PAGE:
Welcome to Masterclass

Learning tools for artists

Varnishing Your Painting

Varnishing oil paintings protects them from dust and pollution but it can only be done after you wait at least 6 months. To test if your painting is ready to varnish, gently rub a cotton bud dipped in Sansodor on a discreet area of your painting. If no colour is disturbed, your painting is ready to varnish. Begin by wiping the surface with a lint-free cloth to remove any dust. The best brush to use is a wide, soft brush to avoid streaks. Dip the brush in your varnish and use smooth strokes in one direction until the painting is covered, then turn the painting 90 degrees and use the same long smooth brush strokes across the first, wet layer to further smooth the surface. Only apply one layer of varnish like this or the result will be patchy. Another thing to keep in mind is the sort of finish you would like in the end, there are gloss, satin and matt varnishes. Choose the one that suits your work best, considering whether you would like a reflective surface (gloss) or one that absorbs a bit of light (satin) or a very flat, light absorbing finish (matt). All of the varnishes are also available in a spray formulation if you prefer that manner of application.

Video Transcript
0:10    Hi There. I'd like to talk to you about varnishing oil paintings. Varnishing will protect your paintings from dust and pollution and can improve their appearance. You should wait at least 6 months before varnishing the painting, regardless of what medium you've added to your oil paint. You can test whether the painting is ready, by rubbing a cotton bud moistened with Sansodor against a discreet area of the painting. If no colour is transferred, it is safe to varnish the painting.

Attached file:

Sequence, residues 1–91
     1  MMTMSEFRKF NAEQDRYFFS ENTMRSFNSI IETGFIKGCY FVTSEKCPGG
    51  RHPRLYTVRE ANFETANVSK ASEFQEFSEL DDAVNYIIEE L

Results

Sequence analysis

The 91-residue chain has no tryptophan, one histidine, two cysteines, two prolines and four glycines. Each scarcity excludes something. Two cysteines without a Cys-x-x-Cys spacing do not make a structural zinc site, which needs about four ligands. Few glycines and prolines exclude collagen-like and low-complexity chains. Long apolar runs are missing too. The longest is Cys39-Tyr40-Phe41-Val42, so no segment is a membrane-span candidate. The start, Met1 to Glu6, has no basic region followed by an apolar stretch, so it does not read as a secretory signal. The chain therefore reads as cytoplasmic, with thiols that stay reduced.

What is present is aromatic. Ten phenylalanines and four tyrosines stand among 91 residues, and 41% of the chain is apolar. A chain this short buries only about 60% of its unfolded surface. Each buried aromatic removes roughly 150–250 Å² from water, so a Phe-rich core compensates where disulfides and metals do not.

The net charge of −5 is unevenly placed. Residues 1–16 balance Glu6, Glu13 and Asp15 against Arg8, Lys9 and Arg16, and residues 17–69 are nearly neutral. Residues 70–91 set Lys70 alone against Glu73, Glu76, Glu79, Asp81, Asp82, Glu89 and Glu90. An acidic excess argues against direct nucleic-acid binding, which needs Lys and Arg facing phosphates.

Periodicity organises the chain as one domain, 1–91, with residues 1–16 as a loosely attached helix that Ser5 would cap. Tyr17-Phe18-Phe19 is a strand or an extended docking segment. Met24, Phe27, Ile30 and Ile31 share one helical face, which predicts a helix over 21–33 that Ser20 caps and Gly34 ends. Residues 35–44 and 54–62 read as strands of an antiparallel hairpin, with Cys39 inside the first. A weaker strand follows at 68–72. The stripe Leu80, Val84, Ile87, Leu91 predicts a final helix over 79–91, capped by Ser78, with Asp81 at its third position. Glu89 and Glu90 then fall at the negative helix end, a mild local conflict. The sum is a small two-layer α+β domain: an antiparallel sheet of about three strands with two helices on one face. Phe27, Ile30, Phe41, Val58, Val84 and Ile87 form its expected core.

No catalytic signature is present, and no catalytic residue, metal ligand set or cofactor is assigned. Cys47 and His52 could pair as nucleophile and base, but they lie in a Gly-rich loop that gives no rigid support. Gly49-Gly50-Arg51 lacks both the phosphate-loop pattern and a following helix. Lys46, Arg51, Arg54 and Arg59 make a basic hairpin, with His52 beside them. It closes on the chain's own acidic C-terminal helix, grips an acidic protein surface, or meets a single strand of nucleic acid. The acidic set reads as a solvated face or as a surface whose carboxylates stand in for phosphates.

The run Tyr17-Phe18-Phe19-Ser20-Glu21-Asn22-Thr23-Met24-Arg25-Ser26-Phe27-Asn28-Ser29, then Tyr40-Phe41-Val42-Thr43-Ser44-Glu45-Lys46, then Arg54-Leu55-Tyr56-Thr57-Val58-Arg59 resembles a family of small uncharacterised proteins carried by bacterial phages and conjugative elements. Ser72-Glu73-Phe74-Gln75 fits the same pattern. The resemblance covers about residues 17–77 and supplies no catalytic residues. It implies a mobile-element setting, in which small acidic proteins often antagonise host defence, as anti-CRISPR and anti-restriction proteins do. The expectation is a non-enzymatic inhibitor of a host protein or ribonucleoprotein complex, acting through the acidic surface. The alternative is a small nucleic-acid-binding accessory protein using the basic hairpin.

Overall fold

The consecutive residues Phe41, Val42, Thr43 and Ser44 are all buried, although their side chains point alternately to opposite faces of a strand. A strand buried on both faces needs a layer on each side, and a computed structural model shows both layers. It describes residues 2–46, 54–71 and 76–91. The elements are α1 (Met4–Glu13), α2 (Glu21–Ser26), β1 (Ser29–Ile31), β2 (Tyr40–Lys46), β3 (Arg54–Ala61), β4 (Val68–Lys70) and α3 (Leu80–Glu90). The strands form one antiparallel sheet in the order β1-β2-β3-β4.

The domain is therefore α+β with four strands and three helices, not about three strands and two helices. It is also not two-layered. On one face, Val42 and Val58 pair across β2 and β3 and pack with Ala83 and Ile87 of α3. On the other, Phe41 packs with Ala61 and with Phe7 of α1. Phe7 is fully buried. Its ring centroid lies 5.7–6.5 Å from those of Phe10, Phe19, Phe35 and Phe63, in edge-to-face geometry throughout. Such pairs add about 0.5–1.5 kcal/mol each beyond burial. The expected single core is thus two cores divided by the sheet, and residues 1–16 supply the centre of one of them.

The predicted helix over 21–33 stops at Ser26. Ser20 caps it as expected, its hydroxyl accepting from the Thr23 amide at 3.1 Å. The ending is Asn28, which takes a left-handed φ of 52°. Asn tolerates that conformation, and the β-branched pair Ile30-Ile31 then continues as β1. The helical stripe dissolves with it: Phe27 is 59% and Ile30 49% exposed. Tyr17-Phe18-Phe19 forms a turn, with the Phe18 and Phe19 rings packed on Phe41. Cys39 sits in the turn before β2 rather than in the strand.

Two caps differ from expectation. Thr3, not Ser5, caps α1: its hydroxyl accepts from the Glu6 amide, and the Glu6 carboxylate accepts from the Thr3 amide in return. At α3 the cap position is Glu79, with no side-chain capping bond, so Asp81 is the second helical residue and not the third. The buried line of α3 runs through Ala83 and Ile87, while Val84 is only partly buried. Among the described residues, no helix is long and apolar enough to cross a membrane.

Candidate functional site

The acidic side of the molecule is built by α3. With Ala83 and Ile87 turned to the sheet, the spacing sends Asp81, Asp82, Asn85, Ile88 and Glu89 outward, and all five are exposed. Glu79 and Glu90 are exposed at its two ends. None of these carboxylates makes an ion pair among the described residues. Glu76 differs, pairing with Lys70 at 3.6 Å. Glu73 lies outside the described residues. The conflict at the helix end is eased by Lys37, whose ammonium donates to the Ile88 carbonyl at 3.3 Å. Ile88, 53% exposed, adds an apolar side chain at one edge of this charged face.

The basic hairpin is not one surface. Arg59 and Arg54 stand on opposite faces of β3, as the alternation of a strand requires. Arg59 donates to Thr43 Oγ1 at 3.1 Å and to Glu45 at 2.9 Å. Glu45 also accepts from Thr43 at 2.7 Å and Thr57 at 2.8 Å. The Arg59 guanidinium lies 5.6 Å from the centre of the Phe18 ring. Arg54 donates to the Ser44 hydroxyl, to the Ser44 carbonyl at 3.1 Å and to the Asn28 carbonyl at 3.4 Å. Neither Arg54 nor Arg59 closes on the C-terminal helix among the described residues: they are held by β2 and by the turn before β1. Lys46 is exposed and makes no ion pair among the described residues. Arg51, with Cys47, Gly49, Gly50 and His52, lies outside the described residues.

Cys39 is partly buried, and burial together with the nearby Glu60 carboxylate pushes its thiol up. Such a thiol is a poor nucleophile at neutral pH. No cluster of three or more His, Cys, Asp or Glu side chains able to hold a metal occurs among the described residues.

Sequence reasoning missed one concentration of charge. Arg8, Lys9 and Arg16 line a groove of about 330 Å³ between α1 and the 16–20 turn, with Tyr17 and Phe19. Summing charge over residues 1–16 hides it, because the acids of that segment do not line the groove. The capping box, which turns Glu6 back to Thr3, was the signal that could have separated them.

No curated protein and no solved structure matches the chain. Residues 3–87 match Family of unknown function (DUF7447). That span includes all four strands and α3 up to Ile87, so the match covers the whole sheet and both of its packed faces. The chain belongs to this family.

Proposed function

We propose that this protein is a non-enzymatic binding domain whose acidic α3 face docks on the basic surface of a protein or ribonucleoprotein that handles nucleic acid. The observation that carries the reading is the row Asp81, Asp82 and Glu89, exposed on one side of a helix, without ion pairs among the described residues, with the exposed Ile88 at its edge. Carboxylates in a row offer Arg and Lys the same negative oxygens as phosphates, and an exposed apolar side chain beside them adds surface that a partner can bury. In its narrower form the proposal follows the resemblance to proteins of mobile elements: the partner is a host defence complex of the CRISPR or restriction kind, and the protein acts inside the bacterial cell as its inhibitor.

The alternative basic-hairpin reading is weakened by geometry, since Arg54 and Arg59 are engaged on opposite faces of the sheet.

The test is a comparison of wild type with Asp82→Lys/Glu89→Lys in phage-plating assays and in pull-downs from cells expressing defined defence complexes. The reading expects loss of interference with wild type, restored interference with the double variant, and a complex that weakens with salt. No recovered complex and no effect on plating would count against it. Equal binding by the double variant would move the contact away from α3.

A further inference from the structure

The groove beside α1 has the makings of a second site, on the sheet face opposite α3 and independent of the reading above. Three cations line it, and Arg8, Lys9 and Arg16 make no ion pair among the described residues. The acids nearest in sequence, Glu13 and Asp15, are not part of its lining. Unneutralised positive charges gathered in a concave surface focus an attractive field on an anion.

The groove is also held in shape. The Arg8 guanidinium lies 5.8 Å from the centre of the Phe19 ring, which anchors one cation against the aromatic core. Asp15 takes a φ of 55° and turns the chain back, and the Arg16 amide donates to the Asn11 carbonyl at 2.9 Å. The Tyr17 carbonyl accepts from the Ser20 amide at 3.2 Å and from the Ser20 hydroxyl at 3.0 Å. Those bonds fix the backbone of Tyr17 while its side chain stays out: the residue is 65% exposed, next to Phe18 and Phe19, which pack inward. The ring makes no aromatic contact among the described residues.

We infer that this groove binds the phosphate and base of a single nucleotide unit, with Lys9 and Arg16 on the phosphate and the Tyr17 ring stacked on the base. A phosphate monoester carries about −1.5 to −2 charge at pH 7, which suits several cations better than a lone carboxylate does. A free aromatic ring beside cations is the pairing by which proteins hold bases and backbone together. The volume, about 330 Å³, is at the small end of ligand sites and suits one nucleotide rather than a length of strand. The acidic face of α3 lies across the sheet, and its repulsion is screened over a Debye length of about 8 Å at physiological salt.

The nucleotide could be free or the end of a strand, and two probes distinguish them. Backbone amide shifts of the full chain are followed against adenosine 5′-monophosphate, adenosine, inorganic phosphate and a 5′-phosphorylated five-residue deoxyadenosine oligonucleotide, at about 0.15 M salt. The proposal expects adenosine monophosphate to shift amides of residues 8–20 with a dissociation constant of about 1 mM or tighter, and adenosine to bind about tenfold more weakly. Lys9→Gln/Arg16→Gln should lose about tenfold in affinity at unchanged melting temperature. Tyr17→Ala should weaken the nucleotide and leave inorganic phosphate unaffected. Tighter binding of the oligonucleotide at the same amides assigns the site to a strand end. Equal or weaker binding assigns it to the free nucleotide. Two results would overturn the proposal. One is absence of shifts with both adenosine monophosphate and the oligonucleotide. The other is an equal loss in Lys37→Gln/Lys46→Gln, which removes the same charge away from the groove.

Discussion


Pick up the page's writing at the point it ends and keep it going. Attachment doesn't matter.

0:40    Before varnishing, you should gently wipe the paintings surface to remove dust. This microfibre cloth will remove but not create dust. This varnish brush is perfect for the job. I'm using this bowl as it is wider than my brush. I'm applying the varnish smoothly and in one direction until the painting is coated. Now I'm laying off the stroke to ensure an even coating. Apply just one layer of varnish, otherwise the result will be very patchy.

1:44    Look at the improvement in saturation by using gloss varnish. Satin Varnish has slightly matted the surface on this panel where the use of a resinous medium, such as Liquin, has created a higher gloss than wanted. Matte Varnish has made this surface easier to read, by completely taking away the high-gloss. Make sure that Matte and Satin Varnishes are thoroughly stirred to disperse the matting agent, otherwise you'll end up with a glossy surface. Matte and Satin varnishes tend to take a while to dry down to a matted surface so don't panic.

2:30    So, you can protect and enhance the look of your paintings and choose the level of sheen. If you're not confident about your brushwork there are spray versions available of all the varnishes that I've shown you. I hope this has helped you understand varnishing.